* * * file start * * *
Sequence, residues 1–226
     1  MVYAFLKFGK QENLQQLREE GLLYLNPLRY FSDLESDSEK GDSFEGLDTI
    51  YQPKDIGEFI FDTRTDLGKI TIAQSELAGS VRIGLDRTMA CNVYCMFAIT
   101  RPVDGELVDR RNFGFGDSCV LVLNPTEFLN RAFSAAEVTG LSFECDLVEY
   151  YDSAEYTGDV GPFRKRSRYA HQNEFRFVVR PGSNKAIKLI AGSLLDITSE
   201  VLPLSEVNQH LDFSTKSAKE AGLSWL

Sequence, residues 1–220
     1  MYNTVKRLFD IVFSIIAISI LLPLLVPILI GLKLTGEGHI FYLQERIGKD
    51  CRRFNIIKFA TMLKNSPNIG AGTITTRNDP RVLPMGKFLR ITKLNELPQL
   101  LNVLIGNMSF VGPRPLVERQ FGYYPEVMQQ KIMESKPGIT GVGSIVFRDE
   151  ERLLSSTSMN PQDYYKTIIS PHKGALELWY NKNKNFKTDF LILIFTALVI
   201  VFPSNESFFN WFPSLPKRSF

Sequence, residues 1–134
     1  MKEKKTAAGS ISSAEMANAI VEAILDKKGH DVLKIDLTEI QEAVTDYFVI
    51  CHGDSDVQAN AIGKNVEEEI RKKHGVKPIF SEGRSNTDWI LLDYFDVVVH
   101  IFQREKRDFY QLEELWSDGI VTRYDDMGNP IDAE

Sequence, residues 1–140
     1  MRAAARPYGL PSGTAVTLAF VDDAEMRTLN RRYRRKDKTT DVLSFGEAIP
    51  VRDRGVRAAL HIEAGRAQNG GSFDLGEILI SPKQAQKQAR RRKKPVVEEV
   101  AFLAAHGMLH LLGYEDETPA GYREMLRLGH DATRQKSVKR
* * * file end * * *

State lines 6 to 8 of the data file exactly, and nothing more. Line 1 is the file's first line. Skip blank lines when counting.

   201  VLPLSEVNQH LDFSTKSAKE AGLSWL

Sequence, residues 1–220
     1  MYNTVKRLFD IVFSIIAISI LLPLLVPILI GLKLTGEGHI FYLQERIGKD